Page:Popular Science Monthly Volume 8.djvu/785

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765
MISCELLANY.

of principles necessary for the development of the beet; on the contrary, the reason of the phenomenon is, that the soil is too rich in nitrogenous matters, in consequence of the liberal use of manures.

 

Balloons and Carrier-Pigeons.—It is related by a writer in the London Quarterly Review for July, that when Pilâtre de Rozier had descended safely to the earth, after making the first aërial voyage ever undertaken by man, Benjamin Franklin, who at the time (November 21, 1783) was in Paris, on being asked his opinion of the brothers Montgolfier's invention, replied, "A child has just been born." But hitherto its growth has been extremely slow. Nevertheless, the history of aërial navigation is full of interest, and it is well told by the writer in the Quarterly. Some of the early objections against ballooning were singular enough. Thus, it was urged that female honor and virtue would be in continual peril, if access could be had by balloons at all hours to the windows of houses! Politicians objected that, if the path of air were to be made free, all limits of property and frontiers of nations would be destroyed. As a matter of course, aërial navigation was denounced as "impious." And, when the brave Pilâtre des Rozier's balloon took fire in the air over the city of Boulogne, and he lost his life, many a one recognized herein the "hand of Providence," just as the peasant-girl, who saw a deal chair fall "from heaven," at once decided that it was a part of the household furniture of the angels. In point of fact, Gay-Lussac, who happened at the time to be overhead, had thrown the chair out of his car, to lighten his aërostat.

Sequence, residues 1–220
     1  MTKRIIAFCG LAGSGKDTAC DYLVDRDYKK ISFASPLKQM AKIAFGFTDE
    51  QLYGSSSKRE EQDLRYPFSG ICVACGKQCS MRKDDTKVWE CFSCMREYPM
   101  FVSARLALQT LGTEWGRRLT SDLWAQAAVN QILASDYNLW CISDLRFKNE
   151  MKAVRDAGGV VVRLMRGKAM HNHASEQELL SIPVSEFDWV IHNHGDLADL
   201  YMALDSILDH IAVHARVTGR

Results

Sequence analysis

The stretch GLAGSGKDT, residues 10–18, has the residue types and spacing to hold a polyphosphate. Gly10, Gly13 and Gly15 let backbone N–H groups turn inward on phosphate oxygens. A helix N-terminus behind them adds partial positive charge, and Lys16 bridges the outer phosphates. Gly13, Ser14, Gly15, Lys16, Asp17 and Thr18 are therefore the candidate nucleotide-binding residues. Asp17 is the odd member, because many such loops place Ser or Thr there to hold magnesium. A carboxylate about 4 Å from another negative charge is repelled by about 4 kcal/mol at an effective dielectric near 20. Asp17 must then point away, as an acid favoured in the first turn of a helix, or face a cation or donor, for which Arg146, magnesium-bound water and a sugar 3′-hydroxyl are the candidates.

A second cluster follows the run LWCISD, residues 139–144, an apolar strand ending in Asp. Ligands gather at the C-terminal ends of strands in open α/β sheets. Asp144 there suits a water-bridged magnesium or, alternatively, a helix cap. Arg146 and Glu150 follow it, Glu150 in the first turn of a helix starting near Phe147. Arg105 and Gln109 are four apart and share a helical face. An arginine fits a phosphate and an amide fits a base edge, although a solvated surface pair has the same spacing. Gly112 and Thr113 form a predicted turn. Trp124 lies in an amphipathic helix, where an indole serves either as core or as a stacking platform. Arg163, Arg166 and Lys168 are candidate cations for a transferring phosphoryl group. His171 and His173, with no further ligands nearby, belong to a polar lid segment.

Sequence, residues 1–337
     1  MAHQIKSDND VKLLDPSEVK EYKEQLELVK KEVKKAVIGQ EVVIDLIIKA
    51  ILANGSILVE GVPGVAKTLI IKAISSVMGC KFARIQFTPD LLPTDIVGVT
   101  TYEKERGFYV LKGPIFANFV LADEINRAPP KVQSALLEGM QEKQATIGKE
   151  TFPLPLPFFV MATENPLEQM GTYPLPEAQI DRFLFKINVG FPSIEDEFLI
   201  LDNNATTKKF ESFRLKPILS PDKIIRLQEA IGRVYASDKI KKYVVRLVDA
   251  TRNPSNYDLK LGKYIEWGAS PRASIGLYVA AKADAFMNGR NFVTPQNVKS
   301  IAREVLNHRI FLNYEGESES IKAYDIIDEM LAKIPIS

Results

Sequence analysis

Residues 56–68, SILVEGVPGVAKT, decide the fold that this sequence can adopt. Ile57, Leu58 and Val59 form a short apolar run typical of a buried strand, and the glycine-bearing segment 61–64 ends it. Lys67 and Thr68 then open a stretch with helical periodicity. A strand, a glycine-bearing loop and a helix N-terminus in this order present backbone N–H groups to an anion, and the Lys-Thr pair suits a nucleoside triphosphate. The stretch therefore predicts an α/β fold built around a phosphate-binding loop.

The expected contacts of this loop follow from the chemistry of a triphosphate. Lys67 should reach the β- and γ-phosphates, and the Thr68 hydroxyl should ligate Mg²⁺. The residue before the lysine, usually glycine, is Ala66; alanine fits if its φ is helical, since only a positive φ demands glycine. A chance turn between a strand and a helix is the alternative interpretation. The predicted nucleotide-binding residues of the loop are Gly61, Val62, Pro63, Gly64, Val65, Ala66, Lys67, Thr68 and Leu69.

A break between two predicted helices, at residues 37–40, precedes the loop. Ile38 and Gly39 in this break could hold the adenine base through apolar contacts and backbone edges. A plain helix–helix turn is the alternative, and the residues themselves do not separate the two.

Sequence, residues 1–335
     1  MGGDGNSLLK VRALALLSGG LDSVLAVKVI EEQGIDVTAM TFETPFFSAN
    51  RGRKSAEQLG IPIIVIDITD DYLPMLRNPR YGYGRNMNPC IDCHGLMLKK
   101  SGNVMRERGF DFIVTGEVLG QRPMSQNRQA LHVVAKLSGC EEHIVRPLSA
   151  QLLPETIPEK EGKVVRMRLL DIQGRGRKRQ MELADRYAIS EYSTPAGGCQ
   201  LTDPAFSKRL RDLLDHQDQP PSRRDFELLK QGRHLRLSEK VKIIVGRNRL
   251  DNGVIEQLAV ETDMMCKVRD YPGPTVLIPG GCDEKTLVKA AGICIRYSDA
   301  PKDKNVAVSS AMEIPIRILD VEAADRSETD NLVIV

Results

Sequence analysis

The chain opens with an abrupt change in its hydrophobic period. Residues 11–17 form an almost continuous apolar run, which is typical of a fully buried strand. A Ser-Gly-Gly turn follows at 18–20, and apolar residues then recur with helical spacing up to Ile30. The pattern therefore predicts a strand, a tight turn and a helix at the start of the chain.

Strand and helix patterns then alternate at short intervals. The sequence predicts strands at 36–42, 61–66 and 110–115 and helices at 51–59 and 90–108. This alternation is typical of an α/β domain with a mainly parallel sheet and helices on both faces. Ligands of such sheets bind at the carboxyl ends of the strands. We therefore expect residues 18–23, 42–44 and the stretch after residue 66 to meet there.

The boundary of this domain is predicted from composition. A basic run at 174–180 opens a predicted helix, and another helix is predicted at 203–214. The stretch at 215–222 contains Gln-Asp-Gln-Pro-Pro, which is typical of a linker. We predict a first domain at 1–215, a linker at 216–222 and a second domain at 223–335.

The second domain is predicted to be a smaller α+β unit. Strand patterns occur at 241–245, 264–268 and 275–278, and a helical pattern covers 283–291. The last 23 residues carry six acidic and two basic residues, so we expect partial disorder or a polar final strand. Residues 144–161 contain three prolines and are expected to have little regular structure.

During the siege of Paris by the Germans, a balloon post was established in the city. At first there appeared to be innumerable obstacles in the way of this enterprise, the chief one being the difficulty of obtaining a sufficient number of aëronauts. In this strait, the aid of seafaring men resident in the city was invoked, as their training had made them familiar with operations and dangers akin to those of ballooning. From September to January, sixty-four balloons were sent off, and of these fifty-seven fulfilled their mission. The number of letters thus dispatched was 3,000,000. The writer in the Quarterly Review mentions one incident connected with these balloon voyages which seems hardly credible: On one. occasion, the crew of a balloon found themselves over the sea, out of sight of land. Seeing vessels they made signals for help, but were not answered, and one vessel fired on them. The men afterward descended to the earth in Norway.

To carry dispatches and letters into Paris, carrier-pigeons were employed. The dispatches, public and private, were first printed on pages of folio size, 16 of which were placed side by side, forming a large sheet about 54 inches long by 32 wide. This was reduced by photography to 1/800 of its original area, the impression being taken on a small pellicle of collodion, two inches long and 1 1/4 wide, and weighing about 3/4 of a grain; each contained about 2,000 words, or 32,000 words in all, equal to about 58 pages of this magazine. Every pigeon carried twenty of these leaves, which were carefully rolled up and put in a quill. At the Government office in Paris, the quill was cut open, and the collodion leaves carefully extracted. They were then magnified by an optical apparatus, copied, and sent to their destination.

 

Mental Overwork.—One of the great evils of modern life, in the estimation of many eminent physicians, is mental overwork. It is asserted that affections of the heart are now more numerous than ever before, that asylums for the insane are being overcrowded, and that nervous disorders of every kind are on the increase. What are the signs which indicate impairment by overwork? This question is thus answered in the Sanitary Record: "Overwork," says the Record, "exists when the sense of energy once possessed is distinctly impaired; when it is found an effort to get through what was once a cheerful task; when what was once found comparatively easy is beginning to be felt a trial; and above all when errors or omissions, the direct outcomes of a flagging and wearied brain, commence to manifest themselves. To spur on an exhausted brain, and by application and longer hours of toil to compel the overtaxed nervous system to complete its round of duty, is one of the most disastrous and erroneous measures that can